Other than that, there’s Zelda. And while it’s the franchise I hold most dear in my heart, Breath of the Wild is not enough to give the Switch its first breath of life. During a 10 minute demo, the only thing I could think about was how often it would drop to what seemed to be sub-20 frames per second. A jarring drop that felt as if the game was winding down ready to pull to a halt. And while those issues vanished when played on the Switch screen itself, it only solidified my idea that the WiiU version will likely run just fine considering it renders at the same 720p resolution of the handheld. If the Switch version can be knocked to the same resolution when on the big screen, I’d highly recommend people do so. I’ve waited years to have Zelda back on the big-screen with speakers capable of doing its consistently brilliant score justice; so the idea of playing on a handheld with headphones for a smoother experience on a new console just isn’t a trade-off I could ever imagine doing when there’s a perfectly good WiiU in my front room.
Given its size, I honestly don’t expect the Switch and WiiU to be too far apart in terms of graphical horsepower – hence my reason for thinking a handheld Switch experience at 720p will be near identical to one thrown onto a TV by a WiiU.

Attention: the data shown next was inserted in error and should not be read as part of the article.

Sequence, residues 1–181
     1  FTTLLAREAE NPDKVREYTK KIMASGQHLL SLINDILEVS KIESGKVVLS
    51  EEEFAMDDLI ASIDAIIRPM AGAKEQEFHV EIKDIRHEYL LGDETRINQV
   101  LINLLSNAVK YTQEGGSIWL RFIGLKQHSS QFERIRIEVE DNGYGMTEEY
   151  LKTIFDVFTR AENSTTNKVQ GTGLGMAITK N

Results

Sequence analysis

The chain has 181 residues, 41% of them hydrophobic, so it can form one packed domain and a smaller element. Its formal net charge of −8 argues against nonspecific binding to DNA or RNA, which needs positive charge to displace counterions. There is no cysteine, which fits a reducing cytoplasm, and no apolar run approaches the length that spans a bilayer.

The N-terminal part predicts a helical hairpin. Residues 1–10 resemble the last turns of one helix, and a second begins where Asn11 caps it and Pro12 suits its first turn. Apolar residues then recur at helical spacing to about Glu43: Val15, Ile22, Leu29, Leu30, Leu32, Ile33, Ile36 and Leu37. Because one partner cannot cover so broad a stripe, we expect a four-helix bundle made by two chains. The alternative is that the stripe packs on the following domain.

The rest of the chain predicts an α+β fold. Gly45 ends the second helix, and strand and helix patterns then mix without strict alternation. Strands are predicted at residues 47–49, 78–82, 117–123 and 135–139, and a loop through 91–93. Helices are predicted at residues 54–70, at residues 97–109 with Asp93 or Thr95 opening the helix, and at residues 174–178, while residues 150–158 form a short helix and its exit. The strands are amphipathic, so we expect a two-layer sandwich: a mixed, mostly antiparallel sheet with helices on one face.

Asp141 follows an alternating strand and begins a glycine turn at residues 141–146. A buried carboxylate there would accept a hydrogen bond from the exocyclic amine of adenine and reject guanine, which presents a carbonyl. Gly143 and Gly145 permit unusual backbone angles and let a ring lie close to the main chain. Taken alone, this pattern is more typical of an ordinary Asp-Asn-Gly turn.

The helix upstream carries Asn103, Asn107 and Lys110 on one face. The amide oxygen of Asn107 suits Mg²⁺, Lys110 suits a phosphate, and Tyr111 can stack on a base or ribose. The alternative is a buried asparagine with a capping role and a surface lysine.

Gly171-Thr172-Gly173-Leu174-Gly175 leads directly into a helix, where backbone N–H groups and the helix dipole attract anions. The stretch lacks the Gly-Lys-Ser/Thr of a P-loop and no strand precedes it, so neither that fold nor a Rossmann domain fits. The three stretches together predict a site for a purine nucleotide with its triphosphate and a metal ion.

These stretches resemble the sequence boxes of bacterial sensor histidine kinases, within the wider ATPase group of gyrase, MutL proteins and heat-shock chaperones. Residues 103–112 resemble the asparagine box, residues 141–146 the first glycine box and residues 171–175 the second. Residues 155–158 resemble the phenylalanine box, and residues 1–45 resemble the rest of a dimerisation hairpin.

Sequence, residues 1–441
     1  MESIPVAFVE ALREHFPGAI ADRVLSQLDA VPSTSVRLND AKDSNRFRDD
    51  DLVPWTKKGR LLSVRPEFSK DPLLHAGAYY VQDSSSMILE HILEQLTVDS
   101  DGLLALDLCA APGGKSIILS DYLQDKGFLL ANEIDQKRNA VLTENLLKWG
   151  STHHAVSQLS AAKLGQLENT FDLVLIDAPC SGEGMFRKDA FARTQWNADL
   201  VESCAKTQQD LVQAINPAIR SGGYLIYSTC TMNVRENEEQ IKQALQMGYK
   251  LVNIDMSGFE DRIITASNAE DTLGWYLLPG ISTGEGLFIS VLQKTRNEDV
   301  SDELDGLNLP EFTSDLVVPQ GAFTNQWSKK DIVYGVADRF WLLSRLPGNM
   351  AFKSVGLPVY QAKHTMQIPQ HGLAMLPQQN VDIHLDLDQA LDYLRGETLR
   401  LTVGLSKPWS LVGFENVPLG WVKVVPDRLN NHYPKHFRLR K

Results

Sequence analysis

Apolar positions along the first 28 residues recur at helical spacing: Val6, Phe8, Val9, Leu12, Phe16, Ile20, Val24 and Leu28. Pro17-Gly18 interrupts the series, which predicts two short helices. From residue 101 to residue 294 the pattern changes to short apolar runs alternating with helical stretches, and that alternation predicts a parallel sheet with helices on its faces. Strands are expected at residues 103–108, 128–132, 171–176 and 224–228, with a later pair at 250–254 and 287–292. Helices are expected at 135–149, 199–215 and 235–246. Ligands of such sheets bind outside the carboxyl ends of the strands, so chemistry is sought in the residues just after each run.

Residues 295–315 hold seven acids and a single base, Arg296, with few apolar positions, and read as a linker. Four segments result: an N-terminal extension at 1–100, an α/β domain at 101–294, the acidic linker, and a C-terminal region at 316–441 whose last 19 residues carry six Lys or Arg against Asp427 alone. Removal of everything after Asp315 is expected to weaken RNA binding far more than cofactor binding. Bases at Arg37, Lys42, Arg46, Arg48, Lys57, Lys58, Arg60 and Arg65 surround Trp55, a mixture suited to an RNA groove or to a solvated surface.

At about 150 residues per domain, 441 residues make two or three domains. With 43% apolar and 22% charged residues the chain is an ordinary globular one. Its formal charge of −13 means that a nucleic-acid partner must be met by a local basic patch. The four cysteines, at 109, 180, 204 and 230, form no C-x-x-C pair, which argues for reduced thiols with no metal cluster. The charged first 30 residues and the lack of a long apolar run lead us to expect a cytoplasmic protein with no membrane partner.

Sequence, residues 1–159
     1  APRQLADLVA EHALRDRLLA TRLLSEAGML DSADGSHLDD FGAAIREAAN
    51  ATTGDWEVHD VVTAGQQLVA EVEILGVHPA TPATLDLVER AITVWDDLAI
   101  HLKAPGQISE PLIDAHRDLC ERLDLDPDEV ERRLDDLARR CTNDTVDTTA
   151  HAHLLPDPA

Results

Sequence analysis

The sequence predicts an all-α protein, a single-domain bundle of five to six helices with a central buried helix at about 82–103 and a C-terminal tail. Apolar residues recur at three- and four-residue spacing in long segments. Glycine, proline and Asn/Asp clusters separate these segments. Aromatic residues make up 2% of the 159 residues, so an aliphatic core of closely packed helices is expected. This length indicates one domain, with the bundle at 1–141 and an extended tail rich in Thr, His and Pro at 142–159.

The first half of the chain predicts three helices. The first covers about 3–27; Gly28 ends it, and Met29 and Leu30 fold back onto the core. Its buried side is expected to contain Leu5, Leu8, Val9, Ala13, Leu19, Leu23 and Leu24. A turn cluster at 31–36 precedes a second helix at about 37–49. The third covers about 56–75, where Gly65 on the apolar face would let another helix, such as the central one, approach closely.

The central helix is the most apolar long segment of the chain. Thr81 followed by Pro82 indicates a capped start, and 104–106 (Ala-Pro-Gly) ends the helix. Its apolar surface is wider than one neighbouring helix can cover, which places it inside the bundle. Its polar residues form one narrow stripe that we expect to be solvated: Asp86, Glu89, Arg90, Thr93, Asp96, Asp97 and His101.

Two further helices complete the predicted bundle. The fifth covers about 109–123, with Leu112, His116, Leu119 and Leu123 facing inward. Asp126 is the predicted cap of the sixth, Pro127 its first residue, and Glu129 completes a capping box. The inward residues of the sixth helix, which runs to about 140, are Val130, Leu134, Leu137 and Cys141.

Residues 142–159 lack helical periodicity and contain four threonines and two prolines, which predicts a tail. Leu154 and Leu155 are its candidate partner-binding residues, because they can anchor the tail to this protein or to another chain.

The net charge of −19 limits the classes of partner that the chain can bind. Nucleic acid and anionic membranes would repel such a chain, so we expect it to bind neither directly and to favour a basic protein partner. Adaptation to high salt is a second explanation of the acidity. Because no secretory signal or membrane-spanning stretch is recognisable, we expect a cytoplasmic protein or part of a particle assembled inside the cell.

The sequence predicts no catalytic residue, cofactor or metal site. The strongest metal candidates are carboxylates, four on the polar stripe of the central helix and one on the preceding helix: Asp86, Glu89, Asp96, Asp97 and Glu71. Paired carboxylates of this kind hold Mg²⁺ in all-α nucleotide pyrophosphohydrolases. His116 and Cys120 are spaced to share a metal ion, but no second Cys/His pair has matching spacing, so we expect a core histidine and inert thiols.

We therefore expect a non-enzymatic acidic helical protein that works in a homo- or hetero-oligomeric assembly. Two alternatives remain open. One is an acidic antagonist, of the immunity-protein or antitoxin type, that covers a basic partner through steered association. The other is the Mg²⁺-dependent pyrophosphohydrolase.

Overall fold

So with a few games already out of the equation for me, the only other two left at the event would be Splatoon 2 and Mario Kart 8 Deluxe – two games that wouldn’t even be available at launch.
Being a huge fan of the original Splatoon on WiiU, of course this one was a huge life-line in my decision to own a Switch at all. Sadly, however, it only ended up being that eased me into my growing decision to sit this launch out. Having only 3 rounds to try out the multiplayer segment made me think how hard it is to justify Splatoon 2 as a full-blown sequel worthy of a new machine. While it was clear we’d have much more creative freedom over our little Squid heroes this time around, the over-all experience felt like little more than a glorified DLC pack. More weapon types and maps were introduced throughout the life-cycle of the original Splatoon – and that’s all I could really see here. Nintendo being Nintendo, we know next to nothing of the game outside of its multiplayer experience. And while every inch of me hopes for a more fleshed-out single-player experience, it’s difficult to trust this hope will bear fruit. Without that, it’s more of the same for a lot more money. I could happily stick with the original.